Be advised that depending on your type of business entity and business category, the requirements can also vary.

For legal entities that carry on relevant activities (except for pure equity holding entities)

Legal entities (pure equity holding entities excluded) can satisfy the economic substance test in the BVI if the three conditions below are met:

  • Direction and management test: The entity must guarantee its relevant activities to be directed and controlled inside the territory of BVI during its financial period.
  • “Adequacy” test on expenditure, number of employees, premises, and equipment located in BVI: In particular, the entity must guarantee:

– Having an adequate number of qualified employees to conduct the relevant activity in the BVI;

– Having sufficient expenses incurred in the operation for the relevant activity in the BVI;

– Having an appropriate physical presence for conducting its core income-generating activities;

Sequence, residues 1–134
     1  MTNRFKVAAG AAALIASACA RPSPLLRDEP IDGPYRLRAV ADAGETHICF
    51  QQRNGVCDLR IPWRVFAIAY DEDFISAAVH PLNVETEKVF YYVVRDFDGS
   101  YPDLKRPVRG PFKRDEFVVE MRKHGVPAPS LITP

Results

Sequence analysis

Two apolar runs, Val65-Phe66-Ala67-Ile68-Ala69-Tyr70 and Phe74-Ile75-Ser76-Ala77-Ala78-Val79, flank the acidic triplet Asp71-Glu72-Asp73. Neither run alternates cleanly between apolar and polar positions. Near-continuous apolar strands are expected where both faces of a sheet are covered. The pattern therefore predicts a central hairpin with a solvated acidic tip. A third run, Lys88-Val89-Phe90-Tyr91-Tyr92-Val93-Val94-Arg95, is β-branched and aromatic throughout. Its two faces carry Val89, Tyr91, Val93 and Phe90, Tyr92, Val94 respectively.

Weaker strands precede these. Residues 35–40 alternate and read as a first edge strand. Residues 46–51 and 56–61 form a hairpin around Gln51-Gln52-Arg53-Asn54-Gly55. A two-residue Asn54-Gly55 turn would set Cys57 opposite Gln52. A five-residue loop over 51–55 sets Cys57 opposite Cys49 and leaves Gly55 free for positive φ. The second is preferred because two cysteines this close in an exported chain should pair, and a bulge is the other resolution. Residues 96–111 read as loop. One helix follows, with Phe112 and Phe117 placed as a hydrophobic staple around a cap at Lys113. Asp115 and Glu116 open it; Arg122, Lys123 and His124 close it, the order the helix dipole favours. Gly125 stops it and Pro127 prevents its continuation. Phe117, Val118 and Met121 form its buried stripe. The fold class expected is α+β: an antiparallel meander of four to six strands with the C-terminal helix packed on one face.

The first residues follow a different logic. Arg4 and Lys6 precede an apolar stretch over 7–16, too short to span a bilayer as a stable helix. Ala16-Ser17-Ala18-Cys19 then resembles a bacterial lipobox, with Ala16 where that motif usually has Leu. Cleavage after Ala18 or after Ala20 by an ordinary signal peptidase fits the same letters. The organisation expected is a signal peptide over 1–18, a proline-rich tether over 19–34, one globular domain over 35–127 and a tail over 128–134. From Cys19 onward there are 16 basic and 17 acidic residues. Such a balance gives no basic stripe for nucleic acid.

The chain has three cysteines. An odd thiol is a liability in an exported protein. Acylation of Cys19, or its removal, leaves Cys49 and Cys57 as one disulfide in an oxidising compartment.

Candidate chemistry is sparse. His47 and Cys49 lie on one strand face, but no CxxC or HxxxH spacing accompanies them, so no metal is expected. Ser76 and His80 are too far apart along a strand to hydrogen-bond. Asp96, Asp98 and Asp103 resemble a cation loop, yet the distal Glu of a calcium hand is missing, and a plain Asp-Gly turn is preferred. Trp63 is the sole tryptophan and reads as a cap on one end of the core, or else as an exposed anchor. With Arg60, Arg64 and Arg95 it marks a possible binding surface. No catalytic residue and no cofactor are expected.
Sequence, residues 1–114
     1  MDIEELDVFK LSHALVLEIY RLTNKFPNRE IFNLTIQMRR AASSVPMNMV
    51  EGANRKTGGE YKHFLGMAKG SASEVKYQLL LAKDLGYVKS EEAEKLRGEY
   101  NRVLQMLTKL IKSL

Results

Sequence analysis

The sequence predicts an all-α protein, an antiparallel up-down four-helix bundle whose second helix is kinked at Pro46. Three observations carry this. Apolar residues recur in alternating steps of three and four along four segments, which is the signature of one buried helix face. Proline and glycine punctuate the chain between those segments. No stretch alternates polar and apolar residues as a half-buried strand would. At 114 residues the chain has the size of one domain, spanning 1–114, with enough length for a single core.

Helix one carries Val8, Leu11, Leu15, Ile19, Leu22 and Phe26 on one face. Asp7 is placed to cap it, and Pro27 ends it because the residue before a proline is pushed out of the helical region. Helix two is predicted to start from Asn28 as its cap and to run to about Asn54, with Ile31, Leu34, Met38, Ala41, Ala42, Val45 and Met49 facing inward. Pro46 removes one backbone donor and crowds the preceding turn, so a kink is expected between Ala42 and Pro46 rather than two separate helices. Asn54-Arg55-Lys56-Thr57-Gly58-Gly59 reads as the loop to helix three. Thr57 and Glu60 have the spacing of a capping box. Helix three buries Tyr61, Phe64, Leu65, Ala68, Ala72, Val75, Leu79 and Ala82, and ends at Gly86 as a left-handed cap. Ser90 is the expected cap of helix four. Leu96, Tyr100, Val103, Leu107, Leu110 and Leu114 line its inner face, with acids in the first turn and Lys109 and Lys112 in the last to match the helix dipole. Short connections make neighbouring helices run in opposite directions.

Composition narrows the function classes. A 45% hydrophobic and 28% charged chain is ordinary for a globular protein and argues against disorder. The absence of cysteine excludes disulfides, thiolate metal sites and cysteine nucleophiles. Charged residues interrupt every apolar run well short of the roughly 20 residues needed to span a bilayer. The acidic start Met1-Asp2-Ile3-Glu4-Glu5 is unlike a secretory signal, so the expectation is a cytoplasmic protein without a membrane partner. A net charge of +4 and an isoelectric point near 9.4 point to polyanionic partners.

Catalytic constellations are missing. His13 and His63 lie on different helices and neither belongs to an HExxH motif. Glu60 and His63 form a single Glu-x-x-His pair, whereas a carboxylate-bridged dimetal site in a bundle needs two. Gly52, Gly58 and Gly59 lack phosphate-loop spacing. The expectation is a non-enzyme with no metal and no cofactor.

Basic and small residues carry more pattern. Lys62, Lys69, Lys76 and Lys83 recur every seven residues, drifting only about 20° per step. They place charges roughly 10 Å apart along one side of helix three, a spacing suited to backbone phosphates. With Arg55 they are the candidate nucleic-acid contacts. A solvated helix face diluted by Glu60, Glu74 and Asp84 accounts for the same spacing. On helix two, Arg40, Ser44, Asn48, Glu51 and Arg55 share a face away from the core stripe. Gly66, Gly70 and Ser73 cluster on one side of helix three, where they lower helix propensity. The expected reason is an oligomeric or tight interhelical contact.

– In case the entity is engaging in IP business in which specific equipment will be used, that equipment must be situated within the BVI.

  • CIGA test: The entity must conduct certain Core Income-Generating Activities (CIGA) in the BVI. Core income-generating activities are defined under section 7 of the Act and vary according to types of businesses.

The given table shows some typical CIGAs in relation to the nine relevant activities under BVI ESA.

Relevant activitiesCore Income Generating Activities
Banking businessRaising funds, managing credit or currency risks, providing loans and credit, managing regulatory capital, etc.
Insurance businessPredicting and calculating risk, insuring or re-insuring against risk, providing business services on insurance.
Fund management businessMaking decisions on holding and sales of investments, calculating risks and reserves, taking decisions on currency, etc.